Secondly was the interesting twists to the game plot and, in fact, the game world and general overaching plot. Seriously, how many fantasy games do you mix in pure science fiction with a world of goblins and wizards and sword slashing knights? To top it all, one thing which boggled my mind is the fact that the world of VARN, which is an acronym standing for Vehicular Astropod Research Nacelle... and that basically means that it isn't a planet at all, but a giant research vessal going through the cosmos just like that. Just thinking about that boggles my mind, and this part would be the best of the game, and perhaps of the series as a whole.
A lot of things that are good about this game can actually be annoying in some ways. For one thing, the game is not easy. I'm not talking about 'this is gonna need some extra hours' type. No. What I'm talking about is that this game is something you dedicate yourself to, perhaps for months, or even a year or so (assuming you use no help from the old, but still functioning websites on the internet) to complete successfully.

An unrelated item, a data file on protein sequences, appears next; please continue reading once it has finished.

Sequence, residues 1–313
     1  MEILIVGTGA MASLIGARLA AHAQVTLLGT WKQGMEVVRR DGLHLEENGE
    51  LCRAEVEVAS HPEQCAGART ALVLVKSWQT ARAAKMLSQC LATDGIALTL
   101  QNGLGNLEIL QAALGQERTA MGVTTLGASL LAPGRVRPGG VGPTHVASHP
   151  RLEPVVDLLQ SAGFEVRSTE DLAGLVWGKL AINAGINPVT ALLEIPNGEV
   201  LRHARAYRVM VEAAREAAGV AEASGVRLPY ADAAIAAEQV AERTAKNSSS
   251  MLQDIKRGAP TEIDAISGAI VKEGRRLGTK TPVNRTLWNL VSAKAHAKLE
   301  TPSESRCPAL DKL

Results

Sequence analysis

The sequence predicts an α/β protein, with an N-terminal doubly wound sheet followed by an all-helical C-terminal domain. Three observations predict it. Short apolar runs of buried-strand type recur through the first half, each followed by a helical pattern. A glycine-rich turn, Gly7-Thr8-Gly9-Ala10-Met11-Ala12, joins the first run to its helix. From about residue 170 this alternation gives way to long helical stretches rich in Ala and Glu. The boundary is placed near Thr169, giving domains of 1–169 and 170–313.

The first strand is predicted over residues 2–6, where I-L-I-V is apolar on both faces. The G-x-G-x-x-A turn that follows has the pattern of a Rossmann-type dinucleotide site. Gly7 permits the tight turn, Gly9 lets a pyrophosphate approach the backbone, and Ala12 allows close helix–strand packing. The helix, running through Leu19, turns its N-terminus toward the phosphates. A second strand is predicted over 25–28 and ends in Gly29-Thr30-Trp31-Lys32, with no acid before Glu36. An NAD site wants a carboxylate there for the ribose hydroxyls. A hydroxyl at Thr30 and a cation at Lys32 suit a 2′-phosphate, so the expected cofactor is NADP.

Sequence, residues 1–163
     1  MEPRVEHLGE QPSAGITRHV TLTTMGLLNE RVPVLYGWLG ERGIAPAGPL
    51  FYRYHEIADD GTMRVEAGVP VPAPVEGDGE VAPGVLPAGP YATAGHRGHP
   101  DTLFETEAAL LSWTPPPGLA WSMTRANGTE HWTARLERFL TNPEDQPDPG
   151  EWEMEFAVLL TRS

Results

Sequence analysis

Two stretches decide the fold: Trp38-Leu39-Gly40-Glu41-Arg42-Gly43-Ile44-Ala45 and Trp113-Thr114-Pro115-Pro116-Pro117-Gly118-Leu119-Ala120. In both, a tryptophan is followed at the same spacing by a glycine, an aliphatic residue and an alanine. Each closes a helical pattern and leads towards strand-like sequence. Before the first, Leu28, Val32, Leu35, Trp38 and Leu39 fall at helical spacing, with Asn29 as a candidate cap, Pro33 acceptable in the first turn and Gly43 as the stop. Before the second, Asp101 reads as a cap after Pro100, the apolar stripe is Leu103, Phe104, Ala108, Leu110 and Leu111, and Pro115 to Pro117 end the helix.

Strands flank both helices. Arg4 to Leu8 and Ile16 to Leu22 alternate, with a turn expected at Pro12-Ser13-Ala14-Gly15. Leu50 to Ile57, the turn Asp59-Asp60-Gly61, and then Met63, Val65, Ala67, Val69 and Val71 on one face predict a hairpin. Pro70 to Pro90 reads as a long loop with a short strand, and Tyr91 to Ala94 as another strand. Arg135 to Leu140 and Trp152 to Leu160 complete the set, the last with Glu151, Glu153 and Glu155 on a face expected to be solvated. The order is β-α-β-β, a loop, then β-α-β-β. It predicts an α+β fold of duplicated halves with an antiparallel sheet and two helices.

When I said the scope of the game is huge, I was serious, and while the freedom this provides is great, it also means that's all too easy to get lost. There's no auto-mapping feature in the game meaning that you will have to hand-draw everything as you move along, and taking into consideration that the in-game perspective has absolutely no indication of any objects you might run into (if you run into a place where a town is supposed to be, you see nothing, but instead just get a message), what this means is, unless you know all the maps by heart, which is no easy task, you'll be moving along the game with your eyes darting back and forth from the map you've drawn constantly. This seriously detracts from the game play and makes it less enjoyable.